Here’s when practicing your putting can do more harm than good

September 1, 2019
Lou Guzzi New York Top 100 Teachers Talamore Country Club/Ambler, PA, USA 06/22/2017 GF-113 TK8 Credit: Angus Murray

As a golf teacher for more than 40 years, I love seeing my students out on the practice green, striving to improve their short game. They work on their putting, play games that simulate pressure-filled scenarios and hit different putts from different lengths. Awesome.

However, the thing about putting practice is — and I’m about to get real here — it can be pretty grueling if you’re fatigued. Maybe you played a long round of golf, did some yardwork or worked a full day at the office before you got to the practice green. Whatever the case, practicing putting when you’re feeling worn out might do more harm than good.

If you’re determined to get some practice time in when you’re not in peak condition, opting to work on your putting when you’re a little tired is definitely a better choice than hitting full-swing shots on the range. The key is to practice the right stuff. You shouldn’t bother with trying to make 3- or 6-footers. Don’t even mess with dialing in your lag putts. Use this time to practice with a quiet, restful mind and develop your distance control and feel.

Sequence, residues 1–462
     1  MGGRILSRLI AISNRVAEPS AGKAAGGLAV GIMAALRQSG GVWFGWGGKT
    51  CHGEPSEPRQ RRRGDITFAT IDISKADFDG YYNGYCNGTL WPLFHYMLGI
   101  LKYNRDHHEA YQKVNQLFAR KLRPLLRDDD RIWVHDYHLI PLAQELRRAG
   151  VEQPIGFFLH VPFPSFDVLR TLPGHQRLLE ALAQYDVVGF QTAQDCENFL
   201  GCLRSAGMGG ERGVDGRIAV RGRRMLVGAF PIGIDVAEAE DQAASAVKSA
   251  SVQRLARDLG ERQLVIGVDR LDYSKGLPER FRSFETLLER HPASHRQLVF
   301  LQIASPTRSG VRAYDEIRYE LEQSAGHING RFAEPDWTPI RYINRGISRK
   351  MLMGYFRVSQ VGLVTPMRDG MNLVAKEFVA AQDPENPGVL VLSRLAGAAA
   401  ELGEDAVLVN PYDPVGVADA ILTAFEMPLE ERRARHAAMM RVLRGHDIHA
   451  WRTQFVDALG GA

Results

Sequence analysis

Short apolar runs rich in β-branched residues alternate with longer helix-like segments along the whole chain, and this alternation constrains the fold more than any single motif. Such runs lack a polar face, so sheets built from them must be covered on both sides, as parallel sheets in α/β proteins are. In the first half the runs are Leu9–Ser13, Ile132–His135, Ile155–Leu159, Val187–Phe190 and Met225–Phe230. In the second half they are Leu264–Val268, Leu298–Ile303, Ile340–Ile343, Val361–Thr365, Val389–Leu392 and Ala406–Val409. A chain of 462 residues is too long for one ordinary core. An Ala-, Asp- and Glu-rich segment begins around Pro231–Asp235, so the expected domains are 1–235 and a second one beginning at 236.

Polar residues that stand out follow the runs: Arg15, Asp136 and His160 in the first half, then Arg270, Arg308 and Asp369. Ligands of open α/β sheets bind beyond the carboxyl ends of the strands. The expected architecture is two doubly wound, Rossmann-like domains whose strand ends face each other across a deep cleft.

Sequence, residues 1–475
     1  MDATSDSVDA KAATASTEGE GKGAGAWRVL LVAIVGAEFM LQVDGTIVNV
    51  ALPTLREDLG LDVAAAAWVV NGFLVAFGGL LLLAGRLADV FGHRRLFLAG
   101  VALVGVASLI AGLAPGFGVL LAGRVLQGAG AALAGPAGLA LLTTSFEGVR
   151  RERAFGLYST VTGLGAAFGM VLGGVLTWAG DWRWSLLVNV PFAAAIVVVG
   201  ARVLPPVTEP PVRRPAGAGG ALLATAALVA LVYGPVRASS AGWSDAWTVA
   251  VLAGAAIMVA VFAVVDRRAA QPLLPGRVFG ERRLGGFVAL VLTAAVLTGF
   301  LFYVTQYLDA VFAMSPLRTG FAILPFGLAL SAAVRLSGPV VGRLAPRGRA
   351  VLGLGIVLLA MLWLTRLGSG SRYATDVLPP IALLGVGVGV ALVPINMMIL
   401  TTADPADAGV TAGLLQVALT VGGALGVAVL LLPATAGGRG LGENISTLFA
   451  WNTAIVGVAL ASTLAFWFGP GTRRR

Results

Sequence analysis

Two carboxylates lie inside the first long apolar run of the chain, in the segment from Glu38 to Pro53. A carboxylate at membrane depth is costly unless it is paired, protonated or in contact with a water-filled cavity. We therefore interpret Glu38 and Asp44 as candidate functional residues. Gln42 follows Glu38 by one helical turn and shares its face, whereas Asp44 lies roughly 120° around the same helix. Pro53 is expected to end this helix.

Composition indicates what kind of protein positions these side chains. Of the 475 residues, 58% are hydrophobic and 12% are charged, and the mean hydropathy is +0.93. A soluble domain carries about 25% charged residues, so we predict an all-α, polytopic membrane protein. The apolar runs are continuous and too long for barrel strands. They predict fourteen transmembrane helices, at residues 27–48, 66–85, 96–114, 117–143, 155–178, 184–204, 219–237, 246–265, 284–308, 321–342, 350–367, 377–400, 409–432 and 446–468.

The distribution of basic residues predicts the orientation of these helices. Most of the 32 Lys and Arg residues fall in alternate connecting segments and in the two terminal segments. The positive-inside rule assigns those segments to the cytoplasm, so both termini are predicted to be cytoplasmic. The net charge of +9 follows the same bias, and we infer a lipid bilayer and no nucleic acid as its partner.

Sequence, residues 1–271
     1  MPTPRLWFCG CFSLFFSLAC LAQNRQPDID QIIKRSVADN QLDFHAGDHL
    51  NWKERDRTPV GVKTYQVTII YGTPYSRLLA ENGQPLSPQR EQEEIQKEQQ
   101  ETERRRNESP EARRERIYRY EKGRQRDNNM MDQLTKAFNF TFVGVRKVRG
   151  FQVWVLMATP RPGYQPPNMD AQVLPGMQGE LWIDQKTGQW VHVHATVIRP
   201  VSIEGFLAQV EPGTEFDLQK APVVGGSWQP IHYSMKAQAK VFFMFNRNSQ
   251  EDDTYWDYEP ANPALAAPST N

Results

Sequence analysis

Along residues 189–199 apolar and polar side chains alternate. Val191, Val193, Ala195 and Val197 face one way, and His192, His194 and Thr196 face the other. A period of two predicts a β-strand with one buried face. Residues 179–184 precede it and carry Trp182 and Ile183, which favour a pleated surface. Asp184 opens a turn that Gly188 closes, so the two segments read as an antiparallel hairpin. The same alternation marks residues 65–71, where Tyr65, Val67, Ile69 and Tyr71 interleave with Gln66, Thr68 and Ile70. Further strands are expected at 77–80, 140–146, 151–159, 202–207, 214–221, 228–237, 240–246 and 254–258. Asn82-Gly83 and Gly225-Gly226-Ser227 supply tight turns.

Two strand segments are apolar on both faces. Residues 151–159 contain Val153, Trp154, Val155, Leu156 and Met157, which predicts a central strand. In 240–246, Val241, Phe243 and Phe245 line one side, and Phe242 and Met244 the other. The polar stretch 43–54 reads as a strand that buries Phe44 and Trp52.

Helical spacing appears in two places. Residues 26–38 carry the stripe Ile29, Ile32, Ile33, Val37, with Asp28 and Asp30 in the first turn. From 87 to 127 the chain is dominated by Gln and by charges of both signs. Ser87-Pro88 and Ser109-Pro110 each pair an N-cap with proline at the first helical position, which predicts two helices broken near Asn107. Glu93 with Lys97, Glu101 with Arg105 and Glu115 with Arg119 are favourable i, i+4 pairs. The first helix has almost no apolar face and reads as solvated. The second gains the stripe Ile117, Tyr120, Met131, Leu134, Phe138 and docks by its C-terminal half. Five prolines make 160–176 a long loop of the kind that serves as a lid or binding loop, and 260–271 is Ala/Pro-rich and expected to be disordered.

Putt a handful of balls from the center of the green toward the fringe and don’t worry about direction. Instead, work on getting the balls to end up near the edge of the green. You can even place three or four tees on the green at different locations and try to get a cluster of balls to finish relatively close to the pegs. The key is to remove the idea of making putts from the equation. Save pressure practice scenarios for when you’re rested and at your best.

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